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Can’t Eat Baker’s Yeast? Use a Naturally Fermented Sourdough Starter Instead

A man and woman sprinkling flour on a loaf of rising dough.
Yuganoc Konstantin/Shutterstock

Do you struggle to digest commercial yeast, but desperately crave bread? Try using an all-natural sourdough starter. The wild yeast can be easier to digest, offering those with yeast sensitivities a great alternative.

Perhaps you can’t find specialty yeast-free bread right now, due to COVID-19 supply limitations. Or, maybe you want to make bread but can’t get your hands on any yeast packets. Whatever the reason, you can create some scrumptious loaves using a naturally fermented sourdough starter. As a bonus, they’re also bursting with tons of nutrients and beneficial bacteria.

What’s the Deal with Yeast Allergies and Sensitivities?

According to The Yeast Connection by William G. Crook, M.D., certain people can develop allergy-like symptoms due to an overgrowth of yeast in their system. This is often called chronic or systemic candida. The symptoms of yeast sensitivity are believed to include fatigue, difficulty concentrating, and depression.

Although there’s some strong disagreement among the medical community as to whether yeast sensitivity is a thing, many researchers continue to research the topic.

We’re not here to debate that, though. Many people report feeling poorly after digesting commercial yeast-based products, such as mass-produced or homemade bread made with commercial instant yeast.

One potential reason could be that some people are just more sensitive to the highly selectively bred strains of yeast used in commercial bread. These strains are used because they yield faster fermentation.

Whether you have an allergy or not, discomfort is reason enough to seek out other options, like sourdough! Many folks find they don’t experience indigestion and other problems after consuming the wild strains of yeast that drive sourdough.

Plus, it’s delicious, so it’s worth a shot to give it a try.

What Is Sourdough?

The term “sourdough” specifically refers to wild or naturally occurring yeast, as opposed to commercial baker’s yeast.

A traditional sourdough starter is made by combining flour, water, and salt—that’s it! You don’t need any packets of yeast, additives, sweeteners, or milk. Life doesn’t get much simpler than that.

The magic happens during the fermentation process, as healthy organisms multiply and grow. Once your starter is alive, or “active,” it’s ready to work as a rising agent, giving you fluffy, rich, delicious loaves of bread loaves. Yum!

Why Sourdough Is Superior

A jar containing a sour dough starter, wrapped loosely in a kitchen towel.
Arina P Habich/Shutterstock

Did you know sourdough has a reputation for being the healthiest bread out there?

Basically, naturally fermented sourdough contains lactobacilli bacteria. This, in turn, creates lactic acid, which is believed to help promote a healthy gut. Lactic acid is also in other prebiotic and probiotic foods, such as yogurt, kefir, and sauerkraut.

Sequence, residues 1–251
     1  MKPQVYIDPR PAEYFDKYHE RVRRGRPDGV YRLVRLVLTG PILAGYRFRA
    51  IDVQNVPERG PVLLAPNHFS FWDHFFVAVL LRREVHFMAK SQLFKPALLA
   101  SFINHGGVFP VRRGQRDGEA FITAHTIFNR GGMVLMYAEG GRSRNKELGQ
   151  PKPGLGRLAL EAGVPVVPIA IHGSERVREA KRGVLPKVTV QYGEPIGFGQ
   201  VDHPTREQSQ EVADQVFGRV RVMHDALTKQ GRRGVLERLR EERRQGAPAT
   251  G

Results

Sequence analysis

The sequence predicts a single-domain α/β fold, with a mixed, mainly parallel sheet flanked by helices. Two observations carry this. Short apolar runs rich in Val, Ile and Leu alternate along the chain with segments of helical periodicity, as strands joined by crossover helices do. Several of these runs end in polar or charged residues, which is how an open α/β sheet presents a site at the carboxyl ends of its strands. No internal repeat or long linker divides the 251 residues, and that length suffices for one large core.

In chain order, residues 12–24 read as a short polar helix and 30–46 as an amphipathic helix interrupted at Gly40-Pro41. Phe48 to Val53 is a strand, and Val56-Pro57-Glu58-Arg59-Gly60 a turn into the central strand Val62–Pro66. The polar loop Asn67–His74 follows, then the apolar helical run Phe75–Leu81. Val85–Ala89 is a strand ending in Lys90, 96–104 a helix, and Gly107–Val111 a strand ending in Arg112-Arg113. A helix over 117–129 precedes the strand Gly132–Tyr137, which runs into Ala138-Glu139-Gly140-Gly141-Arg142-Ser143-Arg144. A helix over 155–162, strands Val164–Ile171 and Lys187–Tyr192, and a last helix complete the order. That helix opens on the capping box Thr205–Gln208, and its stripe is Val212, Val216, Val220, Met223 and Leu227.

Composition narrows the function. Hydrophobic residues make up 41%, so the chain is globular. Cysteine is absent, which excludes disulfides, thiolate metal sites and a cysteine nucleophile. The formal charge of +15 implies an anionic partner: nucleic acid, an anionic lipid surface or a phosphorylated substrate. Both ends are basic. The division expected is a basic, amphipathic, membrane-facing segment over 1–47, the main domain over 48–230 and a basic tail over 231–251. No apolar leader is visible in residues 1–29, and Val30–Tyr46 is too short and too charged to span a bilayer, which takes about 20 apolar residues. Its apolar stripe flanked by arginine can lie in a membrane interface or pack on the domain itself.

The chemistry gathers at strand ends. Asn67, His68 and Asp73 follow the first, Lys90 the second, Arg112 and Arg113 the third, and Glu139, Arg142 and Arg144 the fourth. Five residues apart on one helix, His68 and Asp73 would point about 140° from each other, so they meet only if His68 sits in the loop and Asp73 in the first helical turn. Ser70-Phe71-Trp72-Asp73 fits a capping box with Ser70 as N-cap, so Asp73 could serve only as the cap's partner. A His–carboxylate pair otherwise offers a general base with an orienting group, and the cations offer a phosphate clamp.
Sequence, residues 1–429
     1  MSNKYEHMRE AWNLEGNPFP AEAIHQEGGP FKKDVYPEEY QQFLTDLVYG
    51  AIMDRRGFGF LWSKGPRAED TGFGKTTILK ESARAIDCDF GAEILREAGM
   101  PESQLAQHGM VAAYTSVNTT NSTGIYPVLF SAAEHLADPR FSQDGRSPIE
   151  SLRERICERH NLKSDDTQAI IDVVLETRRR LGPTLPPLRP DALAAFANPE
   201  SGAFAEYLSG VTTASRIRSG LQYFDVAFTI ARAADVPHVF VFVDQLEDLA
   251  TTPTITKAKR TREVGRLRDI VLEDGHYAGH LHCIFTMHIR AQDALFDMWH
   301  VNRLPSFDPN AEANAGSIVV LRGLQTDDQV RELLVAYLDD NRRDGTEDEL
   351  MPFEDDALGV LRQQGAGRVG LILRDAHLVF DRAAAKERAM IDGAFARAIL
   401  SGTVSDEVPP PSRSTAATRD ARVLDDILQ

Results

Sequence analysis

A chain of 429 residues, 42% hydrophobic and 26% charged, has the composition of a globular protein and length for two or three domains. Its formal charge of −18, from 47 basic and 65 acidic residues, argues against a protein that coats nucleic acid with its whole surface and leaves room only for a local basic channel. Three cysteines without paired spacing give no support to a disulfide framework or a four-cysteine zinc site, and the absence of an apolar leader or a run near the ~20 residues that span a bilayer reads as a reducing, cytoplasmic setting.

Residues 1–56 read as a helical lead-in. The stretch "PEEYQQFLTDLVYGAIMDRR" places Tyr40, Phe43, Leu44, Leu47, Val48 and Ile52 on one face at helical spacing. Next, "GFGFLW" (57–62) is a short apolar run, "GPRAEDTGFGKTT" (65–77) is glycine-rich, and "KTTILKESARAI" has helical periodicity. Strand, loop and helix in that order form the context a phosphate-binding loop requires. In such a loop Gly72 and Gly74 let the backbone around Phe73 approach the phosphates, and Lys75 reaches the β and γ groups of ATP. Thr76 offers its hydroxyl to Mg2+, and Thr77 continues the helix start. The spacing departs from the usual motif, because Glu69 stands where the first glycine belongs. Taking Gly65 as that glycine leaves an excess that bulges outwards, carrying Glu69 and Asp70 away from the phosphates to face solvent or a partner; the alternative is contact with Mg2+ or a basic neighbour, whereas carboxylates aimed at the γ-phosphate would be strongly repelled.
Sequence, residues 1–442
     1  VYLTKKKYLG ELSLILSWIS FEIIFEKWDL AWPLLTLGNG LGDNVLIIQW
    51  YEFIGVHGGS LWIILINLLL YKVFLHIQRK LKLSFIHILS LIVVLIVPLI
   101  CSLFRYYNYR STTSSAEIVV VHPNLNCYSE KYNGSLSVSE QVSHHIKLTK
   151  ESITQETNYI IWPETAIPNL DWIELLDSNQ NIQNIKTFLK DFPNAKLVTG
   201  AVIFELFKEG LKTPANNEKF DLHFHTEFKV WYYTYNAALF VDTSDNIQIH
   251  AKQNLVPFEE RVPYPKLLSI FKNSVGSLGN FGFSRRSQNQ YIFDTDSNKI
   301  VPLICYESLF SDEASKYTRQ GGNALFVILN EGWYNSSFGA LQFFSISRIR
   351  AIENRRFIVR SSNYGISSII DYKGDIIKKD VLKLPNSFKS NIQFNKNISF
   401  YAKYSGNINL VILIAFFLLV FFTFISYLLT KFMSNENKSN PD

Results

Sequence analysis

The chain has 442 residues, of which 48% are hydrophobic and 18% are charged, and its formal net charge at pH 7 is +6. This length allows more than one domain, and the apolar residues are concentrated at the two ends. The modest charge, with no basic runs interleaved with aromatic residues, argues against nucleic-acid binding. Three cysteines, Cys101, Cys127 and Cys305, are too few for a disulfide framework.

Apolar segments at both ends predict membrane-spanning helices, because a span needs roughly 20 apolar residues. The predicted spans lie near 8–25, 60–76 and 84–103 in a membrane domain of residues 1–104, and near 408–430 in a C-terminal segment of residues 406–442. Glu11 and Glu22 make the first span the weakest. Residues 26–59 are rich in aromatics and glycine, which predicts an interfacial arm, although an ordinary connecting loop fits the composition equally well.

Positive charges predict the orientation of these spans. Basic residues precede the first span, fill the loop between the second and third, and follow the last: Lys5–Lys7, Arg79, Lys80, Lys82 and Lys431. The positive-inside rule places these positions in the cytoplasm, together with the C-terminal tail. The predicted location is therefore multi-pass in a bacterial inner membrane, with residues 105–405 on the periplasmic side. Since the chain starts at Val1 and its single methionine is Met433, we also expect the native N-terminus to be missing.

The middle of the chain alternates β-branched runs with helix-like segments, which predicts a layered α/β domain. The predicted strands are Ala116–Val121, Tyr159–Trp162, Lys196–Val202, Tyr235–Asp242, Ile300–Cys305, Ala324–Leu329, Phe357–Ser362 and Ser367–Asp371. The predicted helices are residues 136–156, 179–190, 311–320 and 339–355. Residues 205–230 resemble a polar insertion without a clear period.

So, even if someone can’t tolerate commercial yeast, she might have no problem with natural sourdough. Thanks, friendly bacteria!

Studies also show that the fermentation process in sourdough lowers the level of phytic acid, which is known to interfere with the absorption of iron, zinc, and calcium. Another win for sourdough!

Lastly, sourdough bread is generally slower to digest. This can help avoid blood sugar spikes, ultimately making it a low-glycemic-index food. This is important as people who struggle with yeast often report problems with sugar, too.

There’s obviously a lot to love about sourdough, but don’t forget about moderation. Even though it offers many health benefits, you still don’t want to eat too much. And, yes, it’s tough not to when that delicious, fragrant loaf of fresh bread comes out of the oven.

Time to Create

Totally convinced to give sourdough a try? We believe it’s an excellent choice. Your gut will thank you, what with all those beneficial bacteria swimming in your sourdough starter.

Check out 5 simple sourdough starters to get you baking. Once your starter is active and ready to go, you can try this yeast-free sourdough bread recipe.

If you’re gluten-free, there’s also this basic recipe that uses King Arthur’s Measure for Measure Flour. Alternatively, this post includes a start-to-finish guide for making a rich, satisfying gluten-free sourdough bread. The starter contains yogurt, which greatly improves the digestibility of the bread.

Plus, the final recipe is completely yeast-free. We’ve made it twice, and it’s fantastic!


Limiting or cutting commercial yeast out of your diet doesn’t mean you have to forego delicious comforts, like a warm loaf of bread. Put some time into creating a naturally fermented sourdough, and then enjoy the healthy, nutrient-rich goodness for months.

Jill A. Chafin Jill A. Chafin
Jill A. Chafin is a freelance writer, aerialist, dancer, food enthusiast, outdoor adventurer, and mama, based in Chapel Hill, North Carolina. Read Full Bio »

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